The mildest of men, once he got going, he was unstoppable. A BJP supporter and avid Hyderabad separatist – the BJP has undertaken to make Hyderabad into a separate state should they get in in 2014: ‘The problem is the politicians, they are not interested in doing things outside their own constituency. So there is no progress. We hate Congress, only one family ruling in India since 1947 [with one small break in 1989], all Brahmins, only 15% of the population. Caste is a big problem and getting worse. When Dalits come into power they still have no social position or respect. Even if they have money.’

30 years later, buying some wedding bangles

30 years later, buying some wedding bangles

Then on foot to the Chowmohalla Palace via the Laad Bazaar, or bridal bangle market, with everything the Indian bride could need for her wedding. Gold, glitter, glass galore.

Elegant buildings are set around courtyards with fascinating museums reflecting the life and times of the Nizams of Hyderabad, including a

Chowmahalla Palace

Chowmahalla Palace

pillared Durbar room with enormous chandeliers, and a collection of marvellous vintage cars and motorbikes.

The grand Durbar hall at Chowmahalla Palace

The grand Durbar hall at Chowmahalla Palace

Before the heat (40C) dissolved us completely, we managed to locate two tiny and unsung attractions – the Badshahi Ashurkhan, a Sufi shrine with mosaics from 1595, but sadly unloved and uncared for, as was the Purani Haveli, now in the grounds of a girls’ school, the Silver Jubilee museum of the 6th Nizam created to show off all his gifts – silver of course – and which houses the largest walk-in wardrobe in the world at 73 sq m! Can you believe he wore new clothes every day of his life, and gave all his used clothes to the poor?

16 century tiles, Persian style in the Sufi shrine of Badhsahi Ashurkhana

16 century tiles, Persian style in the Sufi shrine of Badhsahi Ashurkhana

Hyderabad is the home of biryani so to sample this we went to Paradise, a four-story food court buzzing with families on a Saturday night. We were sprayed by a fine mist throughout our meal – we were sitting outside – but our dinner (R 1050) cost less that 2 glasses of post-prandial wine at the hotel!

Tandoori kebabs and biryani at the Paradise

Tandoori kebabs and biryani at the Paradise

The next day and Mr Kumar escorts us to Golconda Fort, along with a very detailed description if its history. I got confused so you can look it up. The current structure was built by the first of the Qutb dynasty, starting in 1518, on the site of an ancient mud brick fort. It reminded us of Great Zimbabwe, an impressive structure, set over an area of 40 sq km, built of hand-hewn granite blocks, slotted together with no mortar. Here we have grand halls of justice, zenanas, royal audience halls, all linked by steep steps, which we toiled up in 40C. The views of Beverley Hills and Hyderabad in the distance were stunning and worth it. Practically the only tourists there, the place was nevertheless teeming with Indian visitors, picnicking, playing badminton in the sacred portals, and leaving offerings at the various shrines.  Also asking us to pose for photos with them! Never have I been in such demand….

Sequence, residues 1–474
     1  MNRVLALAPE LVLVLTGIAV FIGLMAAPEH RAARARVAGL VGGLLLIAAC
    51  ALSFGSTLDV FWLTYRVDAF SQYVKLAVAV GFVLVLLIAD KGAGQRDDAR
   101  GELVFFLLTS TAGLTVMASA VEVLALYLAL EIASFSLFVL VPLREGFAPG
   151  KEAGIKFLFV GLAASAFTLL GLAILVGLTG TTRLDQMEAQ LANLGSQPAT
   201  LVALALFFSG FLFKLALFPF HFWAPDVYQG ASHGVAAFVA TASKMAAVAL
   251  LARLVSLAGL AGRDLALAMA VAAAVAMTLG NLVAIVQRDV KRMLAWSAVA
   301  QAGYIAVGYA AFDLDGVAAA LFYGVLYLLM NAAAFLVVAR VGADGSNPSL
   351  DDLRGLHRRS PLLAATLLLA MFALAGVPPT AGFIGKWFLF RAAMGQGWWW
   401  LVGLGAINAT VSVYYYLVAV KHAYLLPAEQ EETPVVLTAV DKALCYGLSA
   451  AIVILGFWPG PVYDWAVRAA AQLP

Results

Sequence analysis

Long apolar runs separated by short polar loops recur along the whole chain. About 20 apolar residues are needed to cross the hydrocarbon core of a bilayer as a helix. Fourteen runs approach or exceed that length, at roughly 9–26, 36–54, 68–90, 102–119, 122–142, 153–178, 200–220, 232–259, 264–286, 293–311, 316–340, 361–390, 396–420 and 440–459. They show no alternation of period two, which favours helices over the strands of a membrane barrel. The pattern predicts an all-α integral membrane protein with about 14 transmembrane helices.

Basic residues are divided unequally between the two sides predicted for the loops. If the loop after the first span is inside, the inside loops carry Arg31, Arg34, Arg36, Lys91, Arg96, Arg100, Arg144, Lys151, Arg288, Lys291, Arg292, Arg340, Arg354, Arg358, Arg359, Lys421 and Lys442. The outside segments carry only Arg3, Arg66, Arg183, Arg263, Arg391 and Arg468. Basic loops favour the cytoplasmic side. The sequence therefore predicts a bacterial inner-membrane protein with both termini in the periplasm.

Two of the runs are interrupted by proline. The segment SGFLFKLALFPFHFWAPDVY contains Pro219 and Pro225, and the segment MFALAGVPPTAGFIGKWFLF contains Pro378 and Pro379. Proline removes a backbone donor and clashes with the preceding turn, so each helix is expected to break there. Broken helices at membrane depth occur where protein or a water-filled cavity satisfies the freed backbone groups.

Ross and Mr Kumar at Golconda

Ross and Mr Kumar at Golconda

The staircase up to the Fort

The staircase up to the Fort

at Golconda

at Golconda

From there to the Qutb Shahi tombs, the only necropolis in the world where all members of a single dynasty are buried, comprising 7 tombs of the Kings and numerous hangers-on, including the founding female, Queen Hayat Baksh Begum, and Quli Qutb’s wife, after

Tomb of Queen Hayat Baksh Begum, wife of founder of Hyderabad

Tomb of Queen Hayat Baksh Begum, wife of founder of Hyderabad

whom the city of Hyderbad is named, and who was daughter, wife and mother to three of the generations of rulers. Based on Isfahan, the tombs incorporate onion domes, Persian and Indian motifs: they were decorated with majolica ties and precious stones, all now looted, but the ornate plasterwork remains and the granite will last for infinty.

Detail form Quli Qutb Shah's tomb

Detail from Quli Qutb Shah’s tomb

the Taj Mahal of Hyderabad - tomb of Mohammed Qutb Quli Shah, the founder of Hyderbad

the Taj Mahal of Hyderabad – tomb of Mohammed Qutb Quli Shah, the founder of Hyderabad

Again, a spectacular sight, Quli Qutb’s tomb being likened to the Taj Mahal of Hyderabad, but like all Indian monuments covered in litter and badly maintained. No hope of UNESCO status till they sort this out, I’m sure. Mr Kumar says the problem is that Central government allocates funds but these are outsourced and huge cuts are taken along the way so the resulting money spent is pitiful. In his wise words, ‘Politics and bureaucracy are the problem of India.’

Three little friends who wanted to chat

Three little friends who wanted to chat